To do this, open the Tasmota firmware in the Arduino IDE and scroll in the “user_config.h” tab to the marked line.
There you remove the “//” in front of the “#define USE_RF_FLASH” and thus activate the desired function. You then have to program your RF bridge again with the changed settings. How to do this is in the article Sonoff – Flash 433Mhz RF Bridge with Tasmota Firmware described.

Installing the new firmware on the EFM8BB1

With the modified hardware, you can now easily change the firmware of the EFM8BB1 from the usual Tasmota configuration page of the RF bridge.

It is important that you have GPIO pins 4 and 5 set to “00 None” under “Settings” and “Configure device”. This is also usually the default setting. So if you didn't consciously change anything, you don't have to worry about it. GPIO pins 4 and 5 must not be used because they are used by the Tasmota firmware to program the EFM8BB1.
To then start installing the firmware on the EFM8BB1, go to “Firmware Upgrade” from the main menu of the Tasmota configuration page.
Then click on “Browse”...
...and select the firmware to be flashed using Explorer as usual. You can find this in the folder that also contains the Tasmota firmware. To do this, go to the “Tools” folder…
…then “fw_efm8bb1″…
...and select the latest available firmware files there.
After clicking on “Open” you will return to the configuration page. There you then click on “Start upgrade”.
The upload then takes approx. 30 seconds…
...and is confirmed with an “upload successful” message.

The new firmware then initially behaves like the old firmware. The difference is that the new firmware can also be switched to raw mode.

I will explain what it is all about and how to use it in another article.

Have fun with the project

I hope everything worked as described for you. If not or you have questions or suggestions please let me know in the comments. I will then add this to the article if necessary.
Ideas for new projects are always welcome. 🙂

PS Many of these projects - especially the hardware projects - cost a lot of time and money. Of course I do this because I enjoy it, but if you think it's cool that I share the information with you, I would be happy about a small donation to the coffee fund. 🙂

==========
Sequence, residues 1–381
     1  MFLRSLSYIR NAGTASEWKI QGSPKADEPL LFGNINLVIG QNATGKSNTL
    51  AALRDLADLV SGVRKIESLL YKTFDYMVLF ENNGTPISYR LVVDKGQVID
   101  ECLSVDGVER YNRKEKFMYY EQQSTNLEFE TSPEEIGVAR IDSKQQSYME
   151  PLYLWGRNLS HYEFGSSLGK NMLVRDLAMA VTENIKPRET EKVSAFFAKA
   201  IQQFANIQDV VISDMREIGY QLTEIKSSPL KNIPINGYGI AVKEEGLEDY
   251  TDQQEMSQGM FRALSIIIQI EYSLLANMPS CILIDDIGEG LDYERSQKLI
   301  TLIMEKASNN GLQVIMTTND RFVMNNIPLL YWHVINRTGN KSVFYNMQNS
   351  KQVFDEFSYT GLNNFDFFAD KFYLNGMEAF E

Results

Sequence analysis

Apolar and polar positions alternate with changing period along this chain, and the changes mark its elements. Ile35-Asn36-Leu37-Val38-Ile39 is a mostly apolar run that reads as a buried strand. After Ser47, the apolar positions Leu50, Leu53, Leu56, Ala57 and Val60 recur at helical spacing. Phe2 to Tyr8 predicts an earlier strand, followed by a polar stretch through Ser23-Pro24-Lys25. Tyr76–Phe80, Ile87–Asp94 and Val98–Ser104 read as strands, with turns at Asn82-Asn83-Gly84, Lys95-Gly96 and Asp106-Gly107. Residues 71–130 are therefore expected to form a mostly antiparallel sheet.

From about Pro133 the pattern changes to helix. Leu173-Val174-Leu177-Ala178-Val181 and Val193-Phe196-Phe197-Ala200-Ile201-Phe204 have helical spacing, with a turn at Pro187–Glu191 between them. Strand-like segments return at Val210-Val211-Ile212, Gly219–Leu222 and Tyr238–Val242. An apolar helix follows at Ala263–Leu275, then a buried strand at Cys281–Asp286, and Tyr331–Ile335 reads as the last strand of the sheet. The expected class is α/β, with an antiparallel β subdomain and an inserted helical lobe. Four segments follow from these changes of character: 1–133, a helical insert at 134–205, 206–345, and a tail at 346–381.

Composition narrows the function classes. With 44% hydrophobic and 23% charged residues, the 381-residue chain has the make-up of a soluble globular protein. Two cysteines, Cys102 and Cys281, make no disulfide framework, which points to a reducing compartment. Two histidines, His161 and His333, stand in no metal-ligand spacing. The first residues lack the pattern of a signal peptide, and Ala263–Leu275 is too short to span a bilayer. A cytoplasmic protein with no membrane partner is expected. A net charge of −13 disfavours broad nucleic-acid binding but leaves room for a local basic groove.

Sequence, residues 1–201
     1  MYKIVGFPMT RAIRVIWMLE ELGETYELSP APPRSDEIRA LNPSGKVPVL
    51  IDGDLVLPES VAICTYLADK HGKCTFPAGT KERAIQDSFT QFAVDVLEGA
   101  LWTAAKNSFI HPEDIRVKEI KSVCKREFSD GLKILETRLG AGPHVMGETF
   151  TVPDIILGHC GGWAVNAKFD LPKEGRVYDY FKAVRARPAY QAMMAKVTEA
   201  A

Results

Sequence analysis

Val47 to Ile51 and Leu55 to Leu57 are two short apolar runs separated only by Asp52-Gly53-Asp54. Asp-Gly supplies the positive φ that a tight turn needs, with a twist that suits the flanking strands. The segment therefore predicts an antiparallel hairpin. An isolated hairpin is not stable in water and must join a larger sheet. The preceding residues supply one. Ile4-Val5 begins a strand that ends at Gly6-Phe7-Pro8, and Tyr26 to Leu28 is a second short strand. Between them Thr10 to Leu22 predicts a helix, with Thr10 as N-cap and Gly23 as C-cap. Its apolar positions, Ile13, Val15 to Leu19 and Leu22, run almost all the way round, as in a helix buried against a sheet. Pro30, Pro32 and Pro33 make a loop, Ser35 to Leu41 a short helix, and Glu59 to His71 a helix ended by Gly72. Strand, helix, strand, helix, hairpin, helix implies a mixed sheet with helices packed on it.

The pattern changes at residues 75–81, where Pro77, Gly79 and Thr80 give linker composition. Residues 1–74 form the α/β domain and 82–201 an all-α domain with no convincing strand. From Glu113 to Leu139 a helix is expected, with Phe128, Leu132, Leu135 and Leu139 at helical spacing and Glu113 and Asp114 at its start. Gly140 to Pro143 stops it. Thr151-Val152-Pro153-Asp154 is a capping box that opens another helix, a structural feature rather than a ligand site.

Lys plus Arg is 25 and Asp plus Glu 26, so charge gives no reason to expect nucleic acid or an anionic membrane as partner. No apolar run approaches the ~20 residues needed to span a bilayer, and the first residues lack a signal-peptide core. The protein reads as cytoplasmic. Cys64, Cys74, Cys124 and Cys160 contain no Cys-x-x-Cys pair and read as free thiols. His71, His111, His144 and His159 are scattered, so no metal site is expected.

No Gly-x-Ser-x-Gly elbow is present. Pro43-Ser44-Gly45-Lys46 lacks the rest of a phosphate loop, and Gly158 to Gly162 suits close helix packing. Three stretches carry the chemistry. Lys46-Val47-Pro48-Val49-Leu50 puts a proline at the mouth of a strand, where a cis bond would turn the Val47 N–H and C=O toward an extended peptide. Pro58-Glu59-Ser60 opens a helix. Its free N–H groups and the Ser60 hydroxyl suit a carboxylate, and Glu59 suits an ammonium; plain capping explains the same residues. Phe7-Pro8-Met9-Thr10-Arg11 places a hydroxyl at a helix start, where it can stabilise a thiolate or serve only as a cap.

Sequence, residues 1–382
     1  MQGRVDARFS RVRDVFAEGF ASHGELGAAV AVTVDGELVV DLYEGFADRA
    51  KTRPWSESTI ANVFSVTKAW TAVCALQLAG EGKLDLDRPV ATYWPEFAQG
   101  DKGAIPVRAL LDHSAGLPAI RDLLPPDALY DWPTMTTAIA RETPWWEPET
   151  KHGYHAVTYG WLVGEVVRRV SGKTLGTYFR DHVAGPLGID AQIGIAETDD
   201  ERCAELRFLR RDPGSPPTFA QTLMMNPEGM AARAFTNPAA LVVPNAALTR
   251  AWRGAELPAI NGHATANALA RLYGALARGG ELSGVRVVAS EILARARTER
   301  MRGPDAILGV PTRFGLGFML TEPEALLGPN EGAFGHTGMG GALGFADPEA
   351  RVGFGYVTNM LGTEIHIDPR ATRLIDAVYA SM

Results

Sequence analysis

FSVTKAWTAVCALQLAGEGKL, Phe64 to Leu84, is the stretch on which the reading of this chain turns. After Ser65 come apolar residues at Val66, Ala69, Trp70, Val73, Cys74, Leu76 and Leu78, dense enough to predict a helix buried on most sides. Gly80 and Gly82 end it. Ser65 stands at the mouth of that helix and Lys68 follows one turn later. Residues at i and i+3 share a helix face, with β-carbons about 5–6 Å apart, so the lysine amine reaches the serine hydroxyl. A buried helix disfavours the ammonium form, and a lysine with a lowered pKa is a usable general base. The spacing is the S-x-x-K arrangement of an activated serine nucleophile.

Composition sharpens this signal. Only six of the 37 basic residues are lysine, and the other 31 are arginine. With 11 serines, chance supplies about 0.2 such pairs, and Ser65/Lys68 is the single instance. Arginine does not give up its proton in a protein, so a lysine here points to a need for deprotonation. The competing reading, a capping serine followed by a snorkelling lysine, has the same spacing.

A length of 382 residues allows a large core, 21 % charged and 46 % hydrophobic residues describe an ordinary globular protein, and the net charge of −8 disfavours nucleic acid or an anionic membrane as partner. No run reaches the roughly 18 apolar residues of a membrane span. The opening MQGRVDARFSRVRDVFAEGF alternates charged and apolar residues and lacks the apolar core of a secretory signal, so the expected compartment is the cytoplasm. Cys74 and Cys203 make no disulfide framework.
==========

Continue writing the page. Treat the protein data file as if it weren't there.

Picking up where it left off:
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  1. Hi,
    is the follow-up article already available?
    I have a couple of radio-controlled sockets that cannot be taught with the standard firmware and therefore loaded the Portisch software.
    In the sniffer mode (RfRaw 177) I see the following JSON:
    {“RfRaw”:{“Data”:”AA B1 04 02EE 01F4 0582 2016 381A1A1A1A0A1A0A0A0A0A0A0A0A280A280A0A0A0A 55″}}:
    When I convert this with BitBucket Converter I get:
    AA B0 1F 04 08 02EE 01F4 0582 2016 381A1A1A1A0A1A0A0A0A0A0A0A0A280A280A0A0A0A 55
    I tried this with:
    …/Backlog = RfRaw AAB01F040802EE01F405822016381A1A1A1A0A1A0A0A0A0A0A0A0A280A280A0A0A0A55; RfRaw 0
    to the bridge, but unfortunately the socket does not respond.
    What am I doing wrong?

    1. hey peter,
      Unfortunately, the corresponding article does not yet exist. But it's on my list. 🙂 What code did you sniff there? The one from turning the socket on or off? As far as I know, the two are different. 🙂
      Best regards

  2. Hello Fab,
    great guide, thanks for that.
    But now I am in the same/similar situation as Peter in September 2020.
    I'm looking forward to the announced instructions .... 😉

    Thank you & greetings Siggi